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Monday, March 9, 2020

Anastasios Savvopoulos’ OUXPO – Deterritorialiazation (edition frifofma, 2019) ****½

By Fotis Nikolakopoulos

Improvisation, by its very nature, defies expectations and allows no preconceived ideas. At least it should be like that. Unfortunately mannerism is not something new. The reviewer finds himself or she in the awkward position -same for all improvisational recordings- to, sometimes, demystify the music, the sounds and the intentions. This is probably the biggest contradiction of all here: instead of just enjoying this wonderful recording, I have to describe it, label it maybe, and most certainly try to adjust the way it transmits freedom to my unsophisticated words.

The quintet of OUXPO consists of Anastasios Savvopoulos on electric guitar, Brad Henkel on the trumpet, Philipp Gropper on tenor sax, Felix Henkelhausen on double bass and Dre Hocevar on drums. Two half an hour tracks consist the bulk of Deterritorialization. Lasting a whole one hour, this recording gives enough room from every individual voice to be heard, while the core of the quintet’s thinking is an act and response collective improvisation. It was a big surprise for me to realize that the five of them met, musically, for the first time on this recording.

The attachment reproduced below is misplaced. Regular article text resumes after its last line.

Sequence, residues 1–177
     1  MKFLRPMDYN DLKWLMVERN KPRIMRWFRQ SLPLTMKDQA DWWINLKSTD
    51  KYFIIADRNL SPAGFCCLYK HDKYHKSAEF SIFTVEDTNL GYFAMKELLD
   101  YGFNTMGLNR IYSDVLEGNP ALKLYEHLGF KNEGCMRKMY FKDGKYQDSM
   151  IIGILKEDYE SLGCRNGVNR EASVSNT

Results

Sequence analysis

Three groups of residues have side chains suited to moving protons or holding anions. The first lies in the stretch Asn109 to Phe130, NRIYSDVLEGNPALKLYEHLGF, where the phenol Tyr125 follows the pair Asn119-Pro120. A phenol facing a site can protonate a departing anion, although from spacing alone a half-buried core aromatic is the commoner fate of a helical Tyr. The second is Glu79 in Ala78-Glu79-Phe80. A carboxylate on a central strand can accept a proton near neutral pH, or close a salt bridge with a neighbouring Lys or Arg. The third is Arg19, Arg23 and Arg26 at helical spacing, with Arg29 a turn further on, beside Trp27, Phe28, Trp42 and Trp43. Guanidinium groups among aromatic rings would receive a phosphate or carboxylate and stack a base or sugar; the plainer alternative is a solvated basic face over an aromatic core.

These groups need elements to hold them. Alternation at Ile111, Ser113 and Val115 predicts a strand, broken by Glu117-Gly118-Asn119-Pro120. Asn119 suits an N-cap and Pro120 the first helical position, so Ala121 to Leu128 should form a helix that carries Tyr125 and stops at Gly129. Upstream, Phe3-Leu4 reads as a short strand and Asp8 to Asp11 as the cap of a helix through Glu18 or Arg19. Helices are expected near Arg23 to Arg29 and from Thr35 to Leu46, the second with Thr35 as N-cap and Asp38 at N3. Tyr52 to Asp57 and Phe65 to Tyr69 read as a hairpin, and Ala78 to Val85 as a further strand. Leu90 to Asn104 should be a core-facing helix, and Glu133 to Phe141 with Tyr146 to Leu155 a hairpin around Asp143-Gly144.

All of them stay, at least for most of the 60 minutes of it, energetic and quite mobile. At some points I got the feeling that different duos or trios, while playing all together, were formed. Such an intention made clear to me the different levels of interaction, non-linearity and understanding of each other. I was impressed.

The first track is a constant flow of ideas, trumpet phrases and guitar notes while the drums and bass are the backbone –and a solid one indeed- of it. While on the second track their approach is more aggressive, with the plucking of the bass and small percussion attacks coming on the forefront of the recording. This time Savvopoulos’s guitar is the instrument that mediates between silence and melody, totally attentive to everybody else’s moves. A fine recording and a big pleasant surprise as well.